A leaky faucet that drips one drop per second can waste more than 3,000 gallons per year, which is enough water to take more than 180 showers. Some of us live in areas where water is plentiful, but for those of us in areas plagued with drought, this could be costing you a fortune. Fix or replace your leaky faucet and save a ton on your water bill.

3. Using the Wrong Air Filter Size

We all sometimes forget to change out the air filters for our HVAC systems or accidentally buy the wrong size. But using the wrong filter or a dirty filter can increase your power bill and cause expensive problems for your furnace down the road. Use the correct filters for your system, and set a reminder to change them after the recommended amount of time. You won’t regret it.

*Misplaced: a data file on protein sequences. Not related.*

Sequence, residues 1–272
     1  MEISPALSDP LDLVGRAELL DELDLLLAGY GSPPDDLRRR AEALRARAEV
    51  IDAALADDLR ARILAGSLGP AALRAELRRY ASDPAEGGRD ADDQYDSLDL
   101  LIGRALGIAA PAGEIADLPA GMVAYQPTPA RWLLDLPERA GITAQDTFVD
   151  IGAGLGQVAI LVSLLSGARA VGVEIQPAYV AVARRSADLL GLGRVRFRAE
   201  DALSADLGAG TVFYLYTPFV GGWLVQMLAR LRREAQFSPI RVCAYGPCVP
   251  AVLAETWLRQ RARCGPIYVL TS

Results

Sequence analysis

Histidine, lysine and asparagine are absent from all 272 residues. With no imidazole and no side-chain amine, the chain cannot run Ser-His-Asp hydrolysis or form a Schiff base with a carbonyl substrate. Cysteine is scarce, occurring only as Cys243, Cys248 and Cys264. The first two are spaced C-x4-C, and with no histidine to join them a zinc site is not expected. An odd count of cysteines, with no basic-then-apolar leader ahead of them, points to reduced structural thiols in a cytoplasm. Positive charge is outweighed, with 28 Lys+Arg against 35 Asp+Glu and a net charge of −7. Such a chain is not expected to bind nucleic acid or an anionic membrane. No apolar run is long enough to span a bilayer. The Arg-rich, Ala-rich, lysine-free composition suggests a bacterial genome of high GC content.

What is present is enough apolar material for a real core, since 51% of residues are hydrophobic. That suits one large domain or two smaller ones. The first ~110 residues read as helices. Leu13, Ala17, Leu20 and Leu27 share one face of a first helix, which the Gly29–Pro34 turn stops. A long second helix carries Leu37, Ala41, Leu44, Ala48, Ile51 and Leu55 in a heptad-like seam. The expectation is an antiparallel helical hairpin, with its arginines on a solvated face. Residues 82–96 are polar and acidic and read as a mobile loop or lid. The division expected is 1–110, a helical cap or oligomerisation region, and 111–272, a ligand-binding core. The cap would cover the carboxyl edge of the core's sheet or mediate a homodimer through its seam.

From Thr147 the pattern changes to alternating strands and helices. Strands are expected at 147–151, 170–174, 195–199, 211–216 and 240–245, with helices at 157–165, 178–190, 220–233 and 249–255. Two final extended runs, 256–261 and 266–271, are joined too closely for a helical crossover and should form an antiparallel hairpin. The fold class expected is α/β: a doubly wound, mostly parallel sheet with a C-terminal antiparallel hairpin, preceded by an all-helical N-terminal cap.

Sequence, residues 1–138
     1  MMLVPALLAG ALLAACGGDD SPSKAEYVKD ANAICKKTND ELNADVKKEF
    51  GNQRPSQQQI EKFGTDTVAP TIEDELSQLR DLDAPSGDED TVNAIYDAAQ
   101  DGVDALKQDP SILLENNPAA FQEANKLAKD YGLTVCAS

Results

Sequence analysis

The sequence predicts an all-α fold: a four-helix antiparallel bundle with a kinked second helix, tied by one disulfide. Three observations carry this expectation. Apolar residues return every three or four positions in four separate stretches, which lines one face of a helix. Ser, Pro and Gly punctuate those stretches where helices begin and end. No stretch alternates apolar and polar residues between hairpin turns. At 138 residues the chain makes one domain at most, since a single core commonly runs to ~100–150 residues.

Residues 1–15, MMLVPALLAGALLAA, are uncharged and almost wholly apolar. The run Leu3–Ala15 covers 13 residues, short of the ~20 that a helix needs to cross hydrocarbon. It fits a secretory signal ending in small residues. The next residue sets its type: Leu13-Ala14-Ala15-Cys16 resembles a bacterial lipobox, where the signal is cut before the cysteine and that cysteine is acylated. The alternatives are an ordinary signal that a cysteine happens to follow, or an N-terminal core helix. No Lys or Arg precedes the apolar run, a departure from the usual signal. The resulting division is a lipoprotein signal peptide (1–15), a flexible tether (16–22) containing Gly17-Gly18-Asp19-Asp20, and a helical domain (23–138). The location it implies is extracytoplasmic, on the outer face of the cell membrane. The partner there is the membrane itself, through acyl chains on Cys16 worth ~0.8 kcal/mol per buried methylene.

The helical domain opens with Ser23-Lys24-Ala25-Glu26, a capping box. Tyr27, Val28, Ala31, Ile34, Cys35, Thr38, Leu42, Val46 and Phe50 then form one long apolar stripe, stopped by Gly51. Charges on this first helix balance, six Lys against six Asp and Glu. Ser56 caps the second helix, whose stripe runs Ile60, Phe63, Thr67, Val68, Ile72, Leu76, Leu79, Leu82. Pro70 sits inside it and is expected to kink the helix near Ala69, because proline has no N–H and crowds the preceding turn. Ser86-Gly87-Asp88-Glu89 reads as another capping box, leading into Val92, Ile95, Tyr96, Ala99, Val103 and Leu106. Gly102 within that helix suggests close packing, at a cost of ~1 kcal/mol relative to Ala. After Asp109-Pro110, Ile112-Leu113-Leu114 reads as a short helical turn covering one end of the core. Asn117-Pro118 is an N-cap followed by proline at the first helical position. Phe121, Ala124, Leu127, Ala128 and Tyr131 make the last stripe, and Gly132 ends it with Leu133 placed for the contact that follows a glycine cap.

4. Not Customizing Temperature

Invest in a customizable thermostat. If you’re away at the office all day, you can program your heater to shift down a few degrees while you’re gone and then shift back up shortly before you return home. Heating or cooling an empty home wastes a lot of money in energy costs.

5. Not Adjusting Air Vents Properly

Is one room in your home hot, while the others are cold? Oftentimes homeowners will crank up the air conditioning in the whole house to combat hot temperatures in one area. Instead, adjust air vents to direct the flow of air more evenly throughout your entire home. Professionals will come regulate this to ensure that your entire home is receiving the same amount of air conditioning or heating.

6.Over Watering Lawn